We both write pretty much half and half.
How large a part does improvisation play in your live set?
A big part!
Do you (collectively) consider Tonstartss to be your primary musical outlet or do you simply consider it one of your many projects at this point? What projects are you both actively involved in at the moment?
I think we tend to think of it as our primary musical project. We’ve each focused a bit more on solo projects (Andy Boay for Andy and Eola for Edwin) in the past and we may in the future too. Tonstartssbandht feels more like a comfortable thing we can happily pick up or put down for any period of time, whenever the fuck we want :^)
Andy, what kind of axe are you wielding in Tonstartss to achieve such a lush sound live? Specific pedals? Feel free to get nerdy…
I’ve been using a Danelectro 12-string electric, the model they started making in 2012 I think. I like using it in the two-man band set-up because I can fill the range of low-to-high frequencies well, especially if I can write tunes with finger-picking figures that have a bass and high end. Before that I had been using a Coral Electric Sitar (a newer cheaper knock-off of the old Jerry Jones ones), mostly to the same effect. The droning sympathetic strings helped fill out the live sound.
I’ve heard you guys are all about pizza. Where’s the best slice to be found, like, the world over?
I don’t really know. It’s all just food to me :^) Eat with a friend and enjoy it. Or eat it alone and think about things.
While we’re on the subject of food: Bagels – Montreal or NYC? Personally, I think Montreal is tremendously underrated.
I think I can safely say, if we had to choose, life or death, Montreal bagels are good enough.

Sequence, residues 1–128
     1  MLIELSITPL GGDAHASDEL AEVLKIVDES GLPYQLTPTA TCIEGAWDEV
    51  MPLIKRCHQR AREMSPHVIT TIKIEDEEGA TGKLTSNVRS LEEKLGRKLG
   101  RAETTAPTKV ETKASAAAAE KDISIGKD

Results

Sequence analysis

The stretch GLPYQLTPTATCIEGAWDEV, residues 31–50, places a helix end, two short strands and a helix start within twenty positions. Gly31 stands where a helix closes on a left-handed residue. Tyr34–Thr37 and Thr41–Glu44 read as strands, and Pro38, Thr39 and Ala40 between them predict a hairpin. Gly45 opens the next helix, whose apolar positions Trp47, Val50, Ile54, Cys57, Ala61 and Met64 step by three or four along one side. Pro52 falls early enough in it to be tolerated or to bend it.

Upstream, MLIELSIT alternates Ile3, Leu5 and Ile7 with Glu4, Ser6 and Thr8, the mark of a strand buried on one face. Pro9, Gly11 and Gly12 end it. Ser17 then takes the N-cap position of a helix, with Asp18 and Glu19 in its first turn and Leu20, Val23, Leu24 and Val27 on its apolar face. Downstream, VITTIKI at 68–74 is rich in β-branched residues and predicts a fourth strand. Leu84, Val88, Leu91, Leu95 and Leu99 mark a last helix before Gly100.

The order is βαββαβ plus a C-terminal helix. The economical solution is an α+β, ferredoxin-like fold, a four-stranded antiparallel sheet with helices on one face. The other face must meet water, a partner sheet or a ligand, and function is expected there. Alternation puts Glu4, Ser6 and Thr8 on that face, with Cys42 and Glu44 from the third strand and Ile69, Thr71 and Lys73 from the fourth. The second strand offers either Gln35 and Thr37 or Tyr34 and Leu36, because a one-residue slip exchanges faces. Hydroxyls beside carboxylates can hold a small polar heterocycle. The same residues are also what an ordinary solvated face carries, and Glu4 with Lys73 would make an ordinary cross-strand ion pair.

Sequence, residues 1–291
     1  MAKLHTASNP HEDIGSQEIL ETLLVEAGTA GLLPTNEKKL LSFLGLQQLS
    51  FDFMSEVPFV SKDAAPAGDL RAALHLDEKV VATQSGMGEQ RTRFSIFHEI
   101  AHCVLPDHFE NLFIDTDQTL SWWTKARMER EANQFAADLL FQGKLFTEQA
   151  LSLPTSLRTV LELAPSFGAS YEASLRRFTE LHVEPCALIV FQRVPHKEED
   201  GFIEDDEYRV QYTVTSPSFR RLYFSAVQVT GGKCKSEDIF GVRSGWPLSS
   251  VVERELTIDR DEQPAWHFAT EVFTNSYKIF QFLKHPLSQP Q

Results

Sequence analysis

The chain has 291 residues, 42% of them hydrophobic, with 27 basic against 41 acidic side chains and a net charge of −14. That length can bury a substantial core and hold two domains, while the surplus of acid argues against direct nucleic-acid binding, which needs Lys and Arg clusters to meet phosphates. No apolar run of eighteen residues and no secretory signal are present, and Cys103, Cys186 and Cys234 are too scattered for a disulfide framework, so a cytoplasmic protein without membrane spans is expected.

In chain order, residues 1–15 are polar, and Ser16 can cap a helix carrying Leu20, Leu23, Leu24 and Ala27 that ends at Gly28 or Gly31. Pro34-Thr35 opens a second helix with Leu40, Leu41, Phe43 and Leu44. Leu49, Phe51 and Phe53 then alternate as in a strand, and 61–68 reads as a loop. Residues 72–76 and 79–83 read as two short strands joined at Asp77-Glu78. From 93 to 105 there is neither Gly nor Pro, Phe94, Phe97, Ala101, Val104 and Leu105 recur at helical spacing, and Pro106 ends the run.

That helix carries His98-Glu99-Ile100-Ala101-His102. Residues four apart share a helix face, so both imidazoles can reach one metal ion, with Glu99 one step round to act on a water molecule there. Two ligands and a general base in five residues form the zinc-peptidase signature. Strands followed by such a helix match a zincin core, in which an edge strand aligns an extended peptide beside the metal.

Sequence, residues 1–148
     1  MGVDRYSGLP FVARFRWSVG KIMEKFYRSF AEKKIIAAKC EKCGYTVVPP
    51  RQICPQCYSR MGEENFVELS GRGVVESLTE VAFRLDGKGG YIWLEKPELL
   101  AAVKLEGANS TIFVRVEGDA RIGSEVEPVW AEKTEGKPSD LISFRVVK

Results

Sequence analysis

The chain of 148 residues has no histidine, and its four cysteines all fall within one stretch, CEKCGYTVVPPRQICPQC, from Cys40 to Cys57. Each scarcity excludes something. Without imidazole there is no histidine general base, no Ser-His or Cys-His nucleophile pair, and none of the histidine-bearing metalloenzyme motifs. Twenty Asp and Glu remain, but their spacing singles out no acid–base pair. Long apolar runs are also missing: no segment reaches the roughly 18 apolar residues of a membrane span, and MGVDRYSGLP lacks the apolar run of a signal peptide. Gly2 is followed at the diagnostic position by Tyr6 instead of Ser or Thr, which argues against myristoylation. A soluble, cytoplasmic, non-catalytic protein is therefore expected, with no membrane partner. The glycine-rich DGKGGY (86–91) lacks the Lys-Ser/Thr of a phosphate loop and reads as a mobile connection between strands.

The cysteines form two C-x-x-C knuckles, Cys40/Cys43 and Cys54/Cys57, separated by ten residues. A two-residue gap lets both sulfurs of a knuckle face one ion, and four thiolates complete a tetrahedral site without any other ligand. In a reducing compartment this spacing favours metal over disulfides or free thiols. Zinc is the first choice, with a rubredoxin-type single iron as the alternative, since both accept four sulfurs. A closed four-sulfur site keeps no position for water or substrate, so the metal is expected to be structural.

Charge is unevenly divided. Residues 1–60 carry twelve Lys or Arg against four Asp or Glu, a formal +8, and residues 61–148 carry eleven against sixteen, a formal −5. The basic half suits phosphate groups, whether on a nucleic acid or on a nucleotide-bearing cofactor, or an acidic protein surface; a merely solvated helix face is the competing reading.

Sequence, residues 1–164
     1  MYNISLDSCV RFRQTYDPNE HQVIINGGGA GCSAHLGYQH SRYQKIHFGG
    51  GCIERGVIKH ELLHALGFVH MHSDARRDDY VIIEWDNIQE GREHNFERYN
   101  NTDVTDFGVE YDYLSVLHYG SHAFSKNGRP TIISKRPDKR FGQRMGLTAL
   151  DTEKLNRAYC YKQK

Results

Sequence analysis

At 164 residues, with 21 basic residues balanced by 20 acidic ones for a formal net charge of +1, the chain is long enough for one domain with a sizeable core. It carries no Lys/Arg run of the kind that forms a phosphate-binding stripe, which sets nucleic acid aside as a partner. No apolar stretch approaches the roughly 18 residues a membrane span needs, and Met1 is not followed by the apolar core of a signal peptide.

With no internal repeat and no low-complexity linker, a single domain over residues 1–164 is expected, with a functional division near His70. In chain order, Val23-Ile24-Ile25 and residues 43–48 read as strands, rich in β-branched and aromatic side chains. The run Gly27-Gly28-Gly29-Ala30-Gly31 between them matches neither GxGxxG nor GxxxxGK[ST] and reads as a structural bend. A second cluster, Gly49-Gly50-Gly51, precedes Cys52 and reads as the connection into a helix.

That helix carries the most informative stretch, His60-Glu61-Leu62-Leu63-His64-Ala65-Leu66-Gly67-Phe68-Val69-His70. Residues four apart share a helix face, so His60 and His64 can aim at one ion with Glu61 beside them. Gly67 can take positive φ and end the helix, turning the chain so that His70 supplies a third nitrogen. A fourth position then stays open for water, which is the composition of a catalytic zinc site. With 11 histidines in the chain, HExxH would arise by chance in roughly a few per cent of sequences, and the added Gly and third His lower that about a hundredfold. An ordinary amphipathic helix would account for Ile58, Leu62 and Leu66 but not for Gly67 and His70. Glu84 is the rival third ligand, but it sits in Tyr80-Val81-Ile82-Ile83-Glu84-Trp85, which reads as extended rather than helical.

Tell us about how “Peace In the Valley” came about? My parents, who are hardcore Southern Baptists, think it’s the jam!
I first heard the tune on a fantastic home mixtape I found at a junk shop in Syracuse when I was in high school, someone in Syracuse in the 80s just set up a tape recorder and captured an hour of a spiritual radio show. You can hear this woman like shifting in her chair or quietly speaking to someone else in the room. Two people just listening to the radio. It’s a pretty magical tape, I am grateful we crossed paths. Anyways on that taped radio show the DJ played the Tennessee Ernie Ford version of the tune. Then I got obsessed with the Sam Cooke version, and then the really short snippet of the million dollar quartet playing it. It’s been a favorite tune of our’s for a long time.
Have you boys had a chance to hang out with the Bros Frank of Hot & Cold fame? The two of you definitely have a lot in common, at least on paper?
We are old friends. Actually that’s how we ended up putting out the split record with them on yall’s label! Both Josh and Simon are consistently inspiring, calming, and interesting dudes. None of us live in the same city anymore, but any chance I get to hang with them and catch up is a cherished day for sure.
Tips for staying healthy on the road?
Eat well, exercise (its not that hard to get in a run or do stretches every single day, even if only for a little bit), and get actual sleep at night as often as possible. Drink lots of water all the time. Wash your hands.
What’s ahead for Tonstartss?
We are both home for a little while right now, so we’re just jamming, writing new songs, recording, and also hanging out a lot doing things that have nothing to do with our music, which is very refreshing and fun. Who knows? We’re down for whatever, as long as we can keep playing when we feel like it.